Sunday, February 14, 2010

The Human Connection

Bull riding
Watching speed skater Apollo Ohno last night, I thought about how few sports heroes I had as a child. Part of it is context. If one or both parents are into sports, you're going to be exposed to what they enjoy. Mine weren't and it wasn't until fourth grade in a country school that I had physical education. By then the die was pretty much cast. I idolized rodeo cowboys, though, like seven time world champion bull rider Jim Shoulders.

Some guys memorize baseball statistics -- I knew the RCA (Rodeo Cowboys Association) championship statistics, who had been All-Around Cowboy or Saddle Bronc Champion, how often, and so forth. The afternoon I encountered Shoulders, my father had arranged to take me behind the bucking chutes at the National Western Stock Show -- it was like having access to the locker room of your favorite pro football team at half-time. While he visited with a friend, I wandered, looking for faces I'd memorized from the pages of Western Horseman magazine.

In my mind I can see the scene unfold and recall the delight I felt meeting one world champion after another. I was thirteen and close to six feet tall, but around them, I felt much younger and they seemed much taller. It was as though I'd been transformed into a seven year old, four feet something version of myself, just making my way through the crowd. Maybe it was the atmosphere or maybe heroes really are larger than life. It's hard to say, but that's how I felt.

Although I must have the autographs in an album somewhere, the only name I remember clearly is Shoulders'. Since he was retired at the time, I hadn't expected to see him, and my father told me, "Don't get your hopes up." But I had them anyway, you know? No reason to believe he'd be there, just hoping he might. The way a kid hopes while looking for an autograph from someone he wishes to emulate.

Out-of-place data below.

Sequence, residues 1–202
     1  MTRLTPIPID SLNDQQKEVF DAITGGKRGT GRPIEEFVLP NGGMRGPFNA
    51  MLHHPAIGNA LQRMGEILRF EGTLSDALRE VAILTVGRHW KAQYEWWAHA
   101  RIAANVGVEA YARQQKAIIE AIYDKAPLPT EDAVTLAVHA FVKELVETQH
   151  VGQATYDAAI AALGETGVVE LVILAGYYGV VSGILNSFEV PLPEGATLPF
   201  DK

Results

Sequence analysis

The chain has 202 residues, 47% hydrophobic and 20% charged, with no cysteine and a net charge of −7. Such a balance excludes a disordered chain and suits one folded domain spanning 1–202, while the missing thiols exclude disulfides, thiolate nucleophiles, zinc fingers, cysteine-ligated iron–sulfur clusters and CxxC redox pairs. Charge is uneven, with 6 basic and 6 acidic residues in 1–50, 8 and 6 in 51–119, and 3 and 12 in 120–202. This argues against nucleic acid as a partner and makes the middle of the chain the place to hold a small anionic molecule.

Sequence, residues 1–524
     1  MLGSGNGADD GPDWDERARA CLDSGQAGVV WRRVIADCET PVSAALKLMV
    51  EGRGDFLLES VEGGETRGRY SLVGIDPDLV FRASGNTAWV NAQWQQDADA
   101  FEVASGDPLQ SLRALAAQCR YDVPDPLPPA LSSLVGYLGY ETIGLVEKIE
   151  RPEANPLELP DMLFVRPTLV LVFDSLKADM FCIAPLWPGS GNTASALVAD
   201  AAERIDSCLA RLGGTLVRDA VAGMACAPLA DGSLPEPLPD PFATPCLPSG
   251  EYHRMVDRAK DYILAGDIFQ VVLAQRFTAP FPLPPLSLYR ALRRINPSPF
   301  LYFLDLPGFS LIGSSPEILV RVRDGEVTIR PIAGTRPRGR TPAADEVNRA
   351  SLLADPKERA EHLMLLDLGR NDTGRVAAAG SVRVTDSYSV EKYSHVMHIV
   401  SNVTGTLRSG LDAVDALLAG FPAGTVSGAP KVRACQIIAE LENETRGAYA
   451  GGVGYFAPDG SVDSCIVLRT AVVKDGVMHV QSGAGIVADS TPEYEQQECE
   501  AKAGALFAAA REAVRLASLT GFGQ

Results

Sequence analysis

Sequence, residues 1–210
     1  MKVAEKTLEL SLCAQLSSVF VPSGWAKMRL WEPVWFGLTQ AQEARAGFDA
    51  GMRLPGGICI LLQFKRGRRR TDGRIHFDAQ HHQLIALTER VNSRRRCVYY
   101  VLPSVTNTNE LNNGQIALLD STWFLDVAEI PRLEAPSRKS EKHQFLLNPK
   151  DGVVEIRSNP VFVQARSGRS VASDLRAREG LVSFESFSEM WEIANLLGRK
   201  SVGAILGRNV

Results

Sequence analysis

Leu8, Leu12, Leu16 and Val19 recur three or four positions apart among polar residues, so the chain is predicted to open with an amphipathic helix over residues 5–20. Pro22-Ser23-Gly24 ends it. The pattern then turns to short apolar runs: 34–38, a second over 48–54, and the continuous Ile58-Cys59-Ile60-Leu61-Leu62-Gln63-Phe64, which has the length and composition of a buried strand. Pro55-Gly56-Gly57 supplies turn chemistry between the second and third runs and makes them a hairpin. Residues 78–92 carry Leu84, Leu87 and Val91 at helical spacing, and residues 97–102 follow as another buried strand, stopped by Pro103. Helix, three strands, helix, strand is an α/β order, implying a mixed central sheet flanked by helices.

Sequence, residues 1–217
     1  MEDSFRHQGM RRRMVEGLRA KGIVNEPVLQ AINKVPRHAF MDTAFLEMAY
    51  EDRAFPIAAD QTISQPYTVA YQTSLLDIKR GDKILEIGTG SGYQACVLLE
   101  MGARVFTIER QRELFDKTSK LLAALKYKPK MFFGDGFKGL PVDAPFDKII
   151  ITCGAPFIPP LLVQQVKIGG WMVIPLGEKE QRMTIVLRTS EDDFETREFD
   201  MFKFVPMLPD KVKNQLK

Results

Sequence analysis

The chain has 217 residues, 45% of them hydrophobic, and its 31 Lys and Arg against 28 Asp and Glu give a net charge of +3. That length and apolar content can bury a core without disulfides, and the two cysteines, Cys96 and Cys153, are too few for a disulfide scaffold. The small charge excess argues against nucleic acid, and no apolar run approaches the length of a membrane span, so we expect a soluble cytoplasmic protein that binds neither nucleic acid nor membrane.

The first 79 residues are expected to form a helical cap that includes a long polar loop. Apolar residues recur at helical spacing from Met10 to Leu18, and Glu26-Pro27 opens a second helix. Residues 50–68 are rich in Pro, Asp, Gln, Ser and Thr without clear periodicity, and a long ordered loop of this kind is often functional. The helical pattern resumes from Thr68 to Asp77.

I never did get on a bull, nor do I think there's enough money to convince me to do so now, though there have been times when medical school has certainly felt like one. Still, I haven't outgrown the delight in meeting someone I've come to admire. A few years after John Denver died, I ran into his manager at a book signing and introduced myself. Naturally, we began to talk about John, how he and I had met and gotten to know one another a bit, but that I'd never considered myself a fan. He replied that was okay, not everyone cared for his music. I said, "It wasn't that -- I loved his music -- it's just that I always felt like a good friend that, up until meeting him, John didn't know he had."

My eyes swam, he choked up and after a few seconds silence, said, "John would have liked that." It's the human connection. That's what I love.

(Creative Commons image by Jami Dwyer via Flickr)

P.S. Reading over this post I realized I never told you whether or not I met Jim Shoulders that afternoon behind the chutes. I did and that's something else I've never forgotten.
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